How to Save Money When You’re a Natural Spender

Save MoneyIf you’re a born spender should you just keep on spending and forget about the consequences?

Stephan Siegel at the University of Washington and Henrik Cronqvist of Claremont McKenna College seem to think so.

According to their study of the money habits of 15,000 Swedish twins – some of whom had lost touch with each other – genetics seem to play a role in whether we’re savers or spenders.

Siegel notes that “There is overwhelming evidence across the board that the genes matter and that between one-third and 50% of our behavior is determined by our genes”. He continues, “As such, it seems that it would be counterintuitive to try to change a spending or saving behavior, since it’s determined to such a great extent by genetics.”

So then, the researchers seem to be saying if you’re naturally prone to “shop til you drop” you should forget trying to fight against nature and just spend, spend, spend?


There are plenty of born spenders who have “changed their stripes”, so put that credit card down and find out how you can change too.

Shift your mindset

While it’s important to be a smart shopper, there’s a difference in how savers and spenders approach a buying decision.

The frugal spender will have in her mind “I want to get the best deal.”

In and of itself, there’s nothing wrong with getting a great deal, but consider that a frugal saver will ask herself, “Do I really need to buy this?”

See the difference? 

The spender has already made up her mind that she’s going to buy, but is simply concerned with getting the most for her money, whereas the saver is looking for a reason to buy the item at all.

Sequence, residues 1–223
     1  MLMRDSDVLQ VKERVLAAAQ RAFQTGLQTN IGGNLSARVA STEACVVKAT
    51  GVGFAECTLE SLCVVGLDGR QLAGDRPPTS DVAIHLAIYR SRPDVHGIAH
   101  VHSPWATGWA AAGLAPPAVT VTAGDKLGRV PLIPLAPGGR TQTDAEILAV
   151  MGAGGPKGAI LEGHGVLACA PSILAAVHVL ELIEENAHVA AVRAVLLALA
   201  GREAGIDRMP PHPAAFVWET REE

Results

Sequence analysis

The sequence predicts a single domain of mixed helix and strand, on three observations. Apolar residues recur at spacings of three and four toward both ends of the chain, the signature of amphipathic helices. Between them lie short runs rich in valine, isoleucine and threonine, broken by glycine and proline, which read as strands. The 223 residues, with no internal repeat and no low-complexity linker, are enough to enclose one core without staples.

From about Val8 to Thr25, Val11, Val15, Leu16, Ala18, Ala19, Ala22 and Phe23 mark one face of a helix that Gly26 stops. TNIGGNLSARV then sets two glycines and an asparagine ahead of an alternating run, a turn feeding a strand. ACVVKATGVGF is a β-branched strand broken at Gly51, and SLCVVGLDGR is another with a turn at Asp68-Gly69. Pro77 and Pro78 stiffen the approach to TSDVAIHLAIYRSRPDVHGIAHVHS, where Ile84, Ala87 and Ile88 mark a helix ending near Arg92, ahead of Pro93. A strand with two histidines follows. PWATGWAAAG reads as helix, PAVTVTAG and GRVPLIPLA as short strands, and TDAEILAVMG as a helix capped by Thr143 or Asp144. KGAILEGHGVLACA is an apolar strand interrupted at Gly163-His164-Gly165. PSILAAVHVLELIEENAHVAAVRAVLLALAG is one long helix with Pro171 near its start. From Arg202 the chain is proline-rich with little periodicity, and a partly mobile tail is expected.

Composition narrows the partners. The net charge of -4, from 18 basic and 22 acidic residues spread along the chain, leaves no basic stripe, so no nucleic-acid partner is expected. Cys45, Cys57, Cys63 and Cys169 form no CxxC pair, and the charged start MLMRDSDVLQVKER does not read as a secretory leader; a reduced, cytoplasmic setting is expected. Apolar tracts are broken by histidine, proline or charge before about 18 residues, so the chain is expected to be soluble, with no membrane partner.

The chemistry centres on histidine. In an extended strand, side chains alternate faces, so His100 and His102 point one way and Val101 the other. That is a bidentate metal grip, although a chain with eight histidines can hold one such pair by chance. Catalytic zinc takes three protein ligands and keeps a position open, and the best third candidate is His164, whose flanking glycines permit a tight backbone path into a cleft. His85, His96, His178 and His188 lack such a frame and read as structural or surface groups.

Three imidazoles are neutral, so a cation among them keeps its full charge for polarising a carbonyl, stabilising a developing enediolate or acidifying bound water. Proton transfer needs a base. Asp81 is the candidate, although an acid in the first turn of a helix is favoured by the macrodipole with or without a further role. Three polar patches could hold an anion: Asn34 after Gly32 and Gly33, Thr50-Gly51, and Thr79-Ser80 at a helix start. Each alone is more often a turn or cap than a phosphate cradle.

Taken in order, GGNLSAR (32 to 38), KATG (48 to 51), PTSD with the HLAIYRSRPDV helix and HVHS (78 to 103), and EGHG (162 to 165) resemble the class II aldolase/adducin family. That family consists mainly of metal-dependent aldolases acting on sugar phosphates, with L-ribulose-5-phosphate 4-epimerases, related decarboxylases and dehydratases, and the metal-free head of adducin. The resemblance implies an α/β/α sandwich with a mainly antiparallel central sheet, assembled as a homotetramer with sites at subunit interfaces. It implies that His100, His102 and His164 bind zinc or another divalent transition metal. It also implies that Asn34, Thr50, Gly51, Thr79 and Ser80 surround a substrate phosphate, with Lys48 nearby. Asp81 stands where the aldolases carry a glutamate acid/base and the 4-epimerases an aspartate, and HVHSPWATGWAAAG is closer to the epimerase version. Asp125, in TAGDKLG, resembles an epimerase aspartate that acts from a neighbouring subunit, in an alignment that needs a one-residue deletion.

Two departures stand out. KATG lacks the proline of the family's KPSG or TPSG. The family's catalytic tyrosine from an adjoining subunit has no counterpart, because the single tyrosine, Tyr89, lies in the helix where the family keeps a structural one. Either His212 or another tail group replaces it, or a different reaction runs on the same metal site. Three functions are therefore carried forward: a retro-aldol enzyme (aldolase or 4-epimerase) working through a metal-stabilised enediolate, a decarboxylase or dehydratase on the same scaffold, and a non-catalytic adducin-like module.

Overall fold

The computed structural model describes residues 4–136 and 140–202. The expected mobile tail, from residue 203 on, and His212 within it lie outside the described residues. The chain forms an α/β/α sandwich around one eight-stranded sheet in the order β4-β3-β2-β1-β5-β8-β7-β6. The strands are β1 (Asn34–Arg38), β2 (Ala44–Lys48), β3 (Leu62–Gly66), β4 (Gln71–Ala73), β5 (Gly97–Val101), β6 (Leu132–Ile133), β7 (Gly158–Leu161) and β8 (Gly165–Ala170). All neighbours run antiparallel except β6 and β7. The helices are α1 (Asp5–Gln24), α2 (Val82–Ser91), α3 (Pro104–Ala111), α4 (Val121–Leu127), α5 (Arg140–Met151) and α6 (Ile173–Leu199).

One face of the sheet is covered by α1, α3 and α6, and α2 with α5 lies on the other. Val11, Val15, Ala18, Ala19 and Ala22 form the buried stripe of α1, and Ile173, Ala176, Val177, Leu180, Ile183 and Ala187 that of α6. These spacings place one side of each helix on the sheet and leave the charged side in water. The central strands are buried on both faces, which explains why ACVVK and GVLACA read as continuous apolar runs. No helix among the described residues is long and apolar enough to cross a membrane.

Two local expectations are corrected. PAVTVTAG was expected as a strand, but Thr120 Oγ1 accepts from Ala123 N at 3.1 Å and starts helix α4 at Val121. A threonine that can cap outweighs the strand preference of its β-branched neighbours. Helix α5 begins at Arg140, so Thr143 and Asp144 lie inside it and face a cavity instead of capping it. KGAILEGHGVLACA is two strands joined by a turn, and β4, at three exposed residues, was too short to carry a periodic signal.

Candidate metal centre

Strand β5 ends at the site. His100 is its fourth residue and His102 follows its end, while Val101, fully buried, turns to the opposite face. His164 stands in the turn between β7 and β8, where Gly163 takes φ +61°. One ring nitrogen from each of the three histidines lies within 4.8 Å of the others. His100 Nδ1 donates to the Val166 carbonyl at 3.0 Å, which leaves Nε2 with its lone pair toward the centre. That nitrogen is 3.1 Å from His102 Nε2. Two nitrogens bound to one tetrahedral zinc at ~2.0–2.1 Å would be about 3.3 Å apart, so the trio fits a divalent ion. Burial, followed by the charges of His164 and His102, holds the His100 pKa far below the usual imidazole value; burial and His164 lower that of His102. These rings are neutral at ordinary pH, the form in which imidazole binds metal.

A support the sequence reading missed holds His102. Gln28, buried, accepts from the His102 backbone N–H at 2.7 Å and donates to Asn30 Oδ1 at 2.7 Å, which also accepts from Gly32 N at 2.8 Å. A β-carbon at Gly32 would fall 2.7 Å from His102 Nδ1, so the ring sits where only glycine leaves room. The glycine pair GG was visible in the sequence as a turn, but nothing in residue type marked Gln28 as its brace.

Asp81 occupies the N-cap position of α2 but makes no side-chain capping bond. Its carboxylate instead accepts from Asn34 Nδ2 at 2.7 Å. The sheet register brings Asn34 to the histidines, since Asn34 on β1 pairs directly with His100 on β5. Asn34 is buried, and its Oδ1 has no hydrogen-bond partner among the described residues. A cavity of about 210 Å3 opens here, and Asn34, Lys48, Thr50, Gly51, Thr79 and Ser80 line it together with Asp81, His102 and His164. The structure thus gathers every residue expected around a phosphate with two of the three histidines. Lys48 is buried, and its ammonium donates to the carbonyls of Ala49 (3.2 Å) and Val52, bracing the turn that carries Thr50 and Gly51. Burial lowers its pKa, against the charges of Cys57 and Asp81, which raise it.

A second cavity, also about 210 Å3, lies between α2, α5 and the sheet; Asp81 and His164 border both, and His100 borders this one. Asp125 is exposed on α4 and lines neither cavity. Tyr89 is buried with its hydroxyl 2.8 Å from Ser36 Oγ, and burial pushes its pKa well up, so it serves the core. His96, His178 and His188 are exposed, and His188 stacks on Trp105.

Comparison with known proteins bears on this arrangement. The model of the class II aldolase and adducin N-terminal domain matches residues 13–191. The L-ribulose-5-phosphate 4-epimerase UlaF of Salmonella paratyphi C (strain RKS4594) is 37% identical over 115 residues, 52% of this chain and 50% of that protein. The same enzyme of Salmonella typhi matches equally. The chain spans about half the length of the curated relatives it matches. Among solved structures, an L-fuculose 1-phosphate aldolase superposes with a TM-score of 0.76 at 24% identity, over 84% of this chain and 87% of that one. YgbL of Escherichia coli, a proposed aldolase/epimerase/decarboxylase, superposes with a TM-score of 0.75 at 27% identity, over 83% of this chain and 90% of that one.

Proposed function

Practice asking yourself these questions the next time you decide you really need or want something:

  • *Do I really need this?
  • *Can I make it myself?
  • *Can I find one for free on Craigslist or through Freecycle?
  • *Is there something I already have that will work?
  • *Is there a way to stretch what I already have to make it last longer?


A written plan for how you’ll spend your money. That’s all a budget is…nothing more, nothing less.

You don’t have to get fancy…a simple pen and paper will do the trick…but if you don’t take the time to set out what is coming into your home and the bills need to be paid you won’t have a barometer of how well you’re doing and/or where you need to make changes.

Autopay yourself

Use technology to your benefit.

Have money automatically taken out of your pay and deposited into the highest interest paying savings and investment accounts that you can find. 

While auto-paying your bills can be helpful, it’s not advisable until you’ve gotten a handle on your spending habits.

Cash rules

Plastic money tends to separate us emotionally from real money. We don’t see the physical cash, so it’s easier to part with our money by simply handing over a credit or debit card. 

Use cash to pay for every purchase and leave your cards at home.

Be honest with yourself

If you’re a closet spender, come clean with both yourself and anyone in your life who may have been negatively impacted by your spending.

This can be difficult, but on the other hand it’s also easier to keep up the changes when you’ve come clean and know that others are watching. Ask a trusted friend or family member to help keep you accountable to your goals.

Allow for some spending money

Just because you’re trying to save more that doesn’t mean you can never “splurge” again. Budget some “fun money” and spend it however you want, putting any excess at the end of the month towards your savings or paying down your debt.

Are you a spender or a saver?

Will we always have a natural bent towards one extreme or the other?


But even though science may suggest that your genes dictate whether or not you’ll ever be able to save for your house, your retirement, or whatever else you want to do in life, that doesn’t mean you’re fated to die a pauper…in reality we’re much more than our genetics.

Much more.